By Oyunga Pala
It is rare that a political leader in our time says something worth remembering.
It has been decades since we heard something in the league of JM Karuiki’s insightful observation, “We do not want to create a nation of ten millionaires and ten million beggars,” which at the time was a rather bold swipe at the growth of the cult of personality during the Mzee Kenyatta regime.
When it comes to quotes attributed to our leaders, most would rather be forgotten. For the most part, we are accustomed to the foot in mouth goofs that serve as reminder of why politicians must not be taken literally.
Remember former Makadara MP Reuben Ndolo’s infamous “Ukiona hao, weka taya (if you see them, lynch them)” one liner? Or William Ntimama’s “Lie low like an envelope” — a subtle but loaded warning to non-Maasais living in Maasai land during the advent of multiparty politics to toe the official line?
Amos Kimunya also made the cut with his absurd, “I would rather die than resign” not to mention Esther Murugi’s threat to strip if Uhuru Kenyatta’s case at International Criminal Court was confirmed for trial.
These are just a few of the more memorable one-liners delivered by our creative political class. It is all part of political speech craft and the essence of the art is to misdirect and get away with essentially saying nothing.
If you read the papers keenly or pay close attention to news broadcasts, you run into familiar phrases because politicians will always devise new way to make little sense. As expected, following the tragic death of two prominent leaders, we had the Government use that famous line for the umpteenth time: We shall leave no stone unturned.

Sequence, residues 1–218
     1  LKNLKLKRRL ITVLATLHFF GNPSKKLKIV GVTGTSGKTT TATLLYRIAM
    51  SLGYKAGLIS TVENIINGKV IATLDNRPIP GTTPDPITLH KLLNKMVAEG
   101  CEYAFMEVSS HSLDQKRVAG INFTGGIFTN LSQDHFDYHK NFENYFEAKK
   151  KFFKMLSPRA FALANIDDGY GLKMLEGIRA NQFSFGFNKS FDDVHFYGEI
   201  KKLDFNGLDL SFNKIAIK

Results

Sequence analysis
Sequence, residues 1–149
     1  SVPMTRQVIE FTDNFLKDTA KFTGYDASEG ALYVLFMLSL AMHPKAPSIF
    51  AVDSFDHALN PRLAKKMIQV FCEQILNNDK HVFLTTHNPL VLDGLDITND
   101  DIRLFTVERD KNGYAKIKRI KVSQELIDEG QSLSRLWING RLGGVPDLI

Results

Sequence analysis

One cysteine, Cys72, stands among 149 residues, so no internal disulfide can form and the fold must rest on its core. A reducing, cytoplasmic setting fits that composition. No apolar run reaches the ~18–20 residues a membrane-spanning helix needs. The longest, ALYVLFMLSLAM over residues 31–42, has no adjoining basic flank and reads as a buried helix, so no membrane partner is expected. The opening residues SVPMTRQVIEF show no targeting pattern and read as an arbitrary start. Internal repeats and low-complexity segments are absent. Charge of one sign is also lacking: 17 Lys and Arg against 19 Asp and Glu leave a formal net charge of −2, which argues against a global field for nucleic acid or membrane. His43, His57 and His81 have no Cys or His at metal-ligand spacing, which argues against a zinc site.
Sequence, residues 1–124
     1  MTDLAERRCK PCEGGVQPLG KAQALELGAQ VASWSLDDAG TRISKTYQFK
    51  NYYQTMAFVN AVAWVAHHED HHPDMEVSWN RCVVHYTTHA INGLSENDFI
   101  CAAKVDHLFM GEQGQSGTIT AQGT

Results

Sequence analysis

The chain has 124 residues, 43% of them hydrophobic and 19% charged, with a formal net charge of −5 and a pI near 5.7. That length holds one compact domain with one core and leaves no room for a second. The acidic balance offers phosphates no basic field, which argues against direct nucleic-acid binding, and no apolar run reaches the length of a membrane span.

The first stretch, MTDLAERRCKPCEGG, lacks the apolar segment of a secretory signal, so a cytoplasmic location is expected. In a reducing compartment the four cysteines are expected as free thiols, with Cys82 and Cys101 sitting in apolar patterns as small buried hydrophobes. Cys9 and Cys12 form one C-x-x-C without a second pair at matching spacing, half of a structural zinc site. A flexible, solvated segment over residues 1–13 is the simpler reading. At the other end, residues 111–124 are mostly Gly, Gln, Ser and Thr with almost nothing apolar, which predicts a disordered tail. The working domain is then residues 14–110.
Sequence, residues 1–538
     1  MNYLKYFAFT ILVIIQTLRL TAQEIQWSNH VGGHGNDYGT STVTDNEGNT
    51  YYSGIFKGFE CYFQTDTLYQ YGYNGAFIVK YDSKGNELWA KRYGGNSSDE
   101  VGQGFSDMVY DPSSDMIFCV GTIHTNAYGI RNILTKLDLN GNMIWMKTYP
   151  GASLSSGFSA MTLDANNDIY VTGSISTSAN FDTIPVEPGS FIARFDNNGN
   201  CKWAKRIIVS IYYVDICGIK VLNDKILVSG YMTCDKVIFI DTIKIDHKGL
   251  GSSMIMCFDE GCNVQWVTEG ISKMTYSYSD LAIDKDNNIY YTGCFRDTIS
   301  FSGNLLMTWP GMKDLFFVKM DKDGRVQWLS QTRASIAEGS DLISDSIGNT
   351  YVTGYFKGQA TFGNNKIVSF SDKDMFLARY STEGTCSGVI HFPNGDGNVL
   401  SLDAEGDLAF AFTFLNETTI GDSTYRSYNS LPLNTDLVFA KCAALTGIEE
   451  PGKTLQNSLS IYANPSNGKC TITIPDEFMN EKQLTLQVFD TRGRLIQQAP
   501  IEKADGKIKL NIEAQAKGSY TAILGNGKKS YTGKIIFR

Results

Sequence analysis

Whenever anyone alleges foul play or misappropriation of funds, the response is a commission of inquiry.
If my memory serves me correctly, the Government specialises in leaving stones intact. Despite the long list of commissions formed to probe into various issues of national concern, there are hardly ever any conclusive results made public.
One can be assured that when a politician orders ‘speedy investigations’, the last thing to expect is speed. In fact, at this rate, I would recommend that the Government forms a commission of inquiry to investigate the outcomes of all previous commissions’ of inquiry.
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